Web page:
Oct 5, 2022 - Health

Pharma can't give up on Dems as it tries to weaken drug price law

Illustration: Gabriella Turrisi/Axios

Pharmaceutical companies are trying to defang the new drug pricing law without declaring open war on the same congressional Democrats who crafted it and will continue to have powerful sway over the industry's fortunes.

Why it matters: Most of pharma's options call for for strategic maneuvering rather than scorched-earth politicking — especially since the industry's wish list extends far beyond the recently enacted Medicare drug price negotiations.

Between the lines: Manufacturers have a multi-pronged strategy that calls for follow-on legislation to soften the financial blow, shaping regulations that spell out how the law will be implemented and even filing lawsuits challenging the government's authority to control prices, industry sources say.

  • The first two require at least some cooperation with Democrats, unless Republicans recapture control of both Congress and the White House. The lawsuit option would take years to play out and could face long odds of success, legal experts say.

What they're saying: Industry sources say they need to be realistic as they try to manage the fallout. "We are not going to walk into a bunch of Democratic Senate offices and say, 'Hey, repeal what you just voted for,' that’s silly," said one industry source.

  • "The bulk of the focus is going to be on the legislative approach, but it will be a longer time horizon just because it's just not realistic that they're going to pass some sort of technical fixes in the lame duck," the source added.
  • While the rules for implementing the law remain to be seen, the fine print could vastly influence companies' bottom lines. The Biden administration will control that process for the next two years, regardless of what happens in the midterms.

"We want to work with lawmakers regardless of political party to explore every possible opportunity to ensure patients can get the medicines they need and our industry can continue developing lifesaving treatments," said Priscilla VanderVeer, vice president of public affairs at PhRMA.

  • The industry has argued that the drug pricing portions of the Inflation Reduction Act will squelch innovation and deprive patients of promising new cures. Proponents counter that it will finally begin addressing high drug prices challenging patients.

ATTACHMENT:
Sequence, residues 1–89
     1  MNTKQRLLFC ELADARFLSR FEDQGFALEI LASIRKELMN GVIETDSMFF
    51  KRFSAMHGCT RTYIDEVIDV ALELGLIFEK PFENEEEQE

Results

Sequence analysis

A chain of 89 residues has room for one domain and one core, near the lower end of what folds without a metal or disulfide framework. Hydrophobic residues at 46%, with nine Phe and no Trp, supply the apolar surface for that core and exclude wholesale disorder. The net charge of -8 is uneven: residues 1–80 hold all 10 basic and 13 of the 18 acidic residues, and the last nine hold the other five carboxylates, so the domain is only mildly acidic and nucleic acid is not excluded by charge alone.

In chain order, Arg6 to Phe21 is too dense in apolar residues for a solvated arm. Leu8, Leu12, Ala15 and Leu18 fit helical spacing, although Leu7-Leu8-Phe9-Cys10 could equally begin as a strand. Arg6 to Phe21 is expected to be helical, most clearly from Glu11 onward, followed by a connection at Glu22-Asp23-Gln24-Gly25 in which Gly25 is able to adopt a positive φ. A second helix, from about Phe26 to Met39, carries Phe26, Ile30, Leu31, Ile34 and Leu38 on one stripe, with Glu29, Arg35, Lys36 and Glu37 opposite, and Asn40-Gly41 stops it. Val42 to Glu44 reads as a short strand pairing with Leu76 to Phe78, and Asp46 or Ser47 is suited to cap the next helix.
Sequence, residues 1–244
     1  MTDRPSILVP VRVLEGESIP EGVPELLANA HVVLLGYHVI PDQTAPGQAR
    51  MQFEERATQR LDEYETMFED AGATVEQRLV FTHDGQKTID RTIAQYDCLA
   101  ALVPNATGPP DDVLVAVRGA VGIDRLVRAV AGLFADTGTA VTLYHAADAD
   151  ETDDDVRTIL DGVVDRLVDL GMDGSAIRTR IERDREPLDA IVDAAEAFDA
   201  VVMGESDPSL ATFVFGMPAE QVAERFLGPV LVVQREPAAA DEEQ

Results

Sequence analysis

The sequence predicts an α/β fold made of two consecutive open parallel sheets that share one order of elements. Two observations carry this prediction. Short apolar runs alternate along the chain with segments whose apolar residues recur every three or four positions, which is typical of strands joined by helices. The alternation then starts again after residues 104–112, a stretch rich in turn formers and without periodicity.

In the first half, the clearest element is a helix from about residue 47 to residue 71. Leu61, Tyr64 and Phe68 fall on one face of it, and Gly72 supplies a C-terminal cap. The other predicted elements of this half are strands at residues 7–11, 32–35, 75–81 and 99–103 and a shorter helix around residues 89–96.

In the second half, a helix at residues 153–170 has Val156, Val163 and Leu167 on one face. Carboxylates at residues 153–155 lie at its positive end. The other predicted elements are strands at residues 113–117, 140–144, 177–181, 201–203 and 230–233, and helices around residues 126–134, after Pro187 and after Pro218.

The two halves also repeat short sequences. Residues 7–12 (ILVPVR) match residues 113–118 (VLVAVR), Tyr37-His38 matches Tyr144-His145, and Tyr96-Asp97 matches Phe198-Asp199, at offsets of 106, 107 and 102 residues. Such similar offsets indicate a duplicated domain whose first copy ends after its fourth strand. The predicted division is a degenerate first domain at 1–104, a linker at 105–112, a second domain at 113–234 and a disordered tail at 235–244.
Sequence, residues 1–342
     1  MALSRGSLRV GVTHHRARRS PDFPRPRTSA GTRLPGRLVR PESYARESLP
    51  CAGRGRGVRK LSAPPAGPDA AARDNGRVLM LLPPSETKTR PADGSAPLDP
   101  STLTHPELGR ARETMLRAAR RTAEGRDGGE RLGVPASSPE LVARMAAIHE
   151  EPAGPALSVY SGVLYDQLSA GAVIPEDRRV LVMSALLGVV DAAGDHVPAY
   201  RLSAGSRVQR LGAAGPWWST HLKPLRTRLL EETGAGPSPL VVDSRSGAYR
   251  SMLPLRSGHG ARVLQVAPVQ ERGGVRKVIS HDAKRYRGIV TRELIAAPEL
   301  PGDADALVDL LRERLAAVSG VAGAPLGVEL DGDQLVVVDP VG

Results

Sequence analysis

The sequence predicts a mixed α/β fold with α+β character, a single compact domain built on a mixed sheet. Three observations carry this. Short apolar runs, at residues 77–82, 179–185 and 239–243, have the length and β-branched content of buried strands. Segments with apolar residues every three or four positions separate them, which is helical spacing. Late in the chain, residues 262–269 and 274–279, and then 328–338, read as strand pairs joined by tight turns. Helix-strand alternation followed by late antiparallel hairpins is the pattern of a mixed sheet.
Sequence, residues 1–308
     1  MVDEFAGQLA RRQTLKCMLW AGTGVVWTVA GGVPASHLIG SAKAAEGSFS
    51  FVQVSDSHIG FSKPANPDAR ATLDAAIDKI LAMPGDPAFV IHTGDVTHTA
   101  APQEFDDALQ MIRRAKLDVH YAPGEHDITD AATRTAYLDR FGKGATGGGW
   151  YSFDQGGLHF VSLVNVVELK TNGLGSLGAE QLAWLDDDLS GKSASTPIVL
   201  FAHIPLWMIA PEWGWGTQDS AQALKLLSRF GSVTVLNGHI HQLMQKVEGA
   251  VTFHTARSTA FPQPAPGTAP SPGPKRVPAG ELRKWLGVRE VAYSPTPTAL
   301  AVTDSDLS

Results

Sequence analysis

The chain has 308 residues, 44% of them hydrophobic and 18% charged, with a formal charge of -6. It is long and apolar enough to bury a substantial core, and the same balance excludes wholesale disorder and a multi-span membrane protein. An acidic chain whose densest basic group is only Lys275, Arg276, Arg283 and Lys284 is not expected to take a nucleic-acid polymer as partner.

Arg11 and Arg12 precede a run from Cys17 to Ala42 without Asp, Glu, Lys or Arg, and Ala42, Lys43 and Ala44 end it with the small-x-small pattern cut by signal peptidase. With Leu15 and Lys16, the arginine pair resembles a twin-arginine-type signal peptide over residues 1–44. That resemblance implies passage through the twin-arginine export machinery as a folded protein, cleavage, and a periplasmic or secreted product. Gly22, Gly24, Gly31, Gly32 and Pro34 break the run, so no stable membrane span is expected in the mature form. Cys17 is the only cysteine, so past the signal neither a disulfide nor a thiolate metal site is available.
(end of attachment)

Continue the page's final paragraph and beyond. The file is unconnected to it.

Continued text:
Details: On the legislative front, several industry sources named two emerging policy changes that they'll likely push for, though the full list is still evolving and different companies have different priorities.

  • The law as written creates a ceiling on the rate Medicare can negotiate for certain drugs, but no floor. Sources say the industry would like to see some kind of minimum price threshold added, in the belief it might at least prevent rock-bottom prices.
  • Small molecule, or synthetic, drugs are exempt from negotiation for the first nine years after coming to market, while more complex biologics are exempt for 13 years. The industry says this incentivizes investment away from compounds that remain a pillar of modern medicine and is advocating for all drugs to get 13 years.

The most aggressive track is suing to challenge Medicare's power to cap prices, which observers expect at least some companies to do. One route could be challenging the excise taxes the IRA would levy on companies that refuse to negotiate with Medicare. But such a move would not only alienate Democrats but quite possibly fail.

  • "No doubt there's conversations taking place to look to see where some of the flaws might be in the law and how that could be addressed through the legal process," an industry source said.
  • But a lawsuit to gut the law is far from a slam-dunk, since it would have to dispute Medicare's authority.
  • "The idea that the government can't set constraints on its own federally-funded program, is going to make it harder to win these lawsuits," said Katie Keith, a health law expert at Georgetown University.

Be smart: Now that Democrats have finally delivered on a multi-decade promise of direct government price negotiations, the emphasis could shift to more bipartisan reforms — including ones aimed at some of pharma's traditional adversaries.

The intrigue: Drug industry sources argue that their relationship with Democrats is one of mutual dependence, not just one-sided.

  • ​​"We are an industry of well-educated people ... so blowing up this industry is unhelpful to Democrats in that regard, but they clearly haven't connected those dots," one source said.
  • A few more moderate Democratic lawmakers helped blunt the impact of the law before passage, and those members could be receptive to industry friendly tweaks. But much of the party remains happy to target the manufacturers, and polls show the public backs such controls.

The bottom line: The drug industry will undoubtedly continue to publicly rail against the law and highlight any adverse effects they say stem from it, but behind the scenes, sources acknowledge that their options are likely limited.

  • "I think there seems to be a thread in the reporting on this that, you know, somehow the drug industry is going to figure out a way to get out of this," said Ian Spatz, a former vice president at Merck, now a consultant at Manatt Health. "But, you know, the law is very clear, and the chances of it being implemented are far greater than the chances that it won't be."
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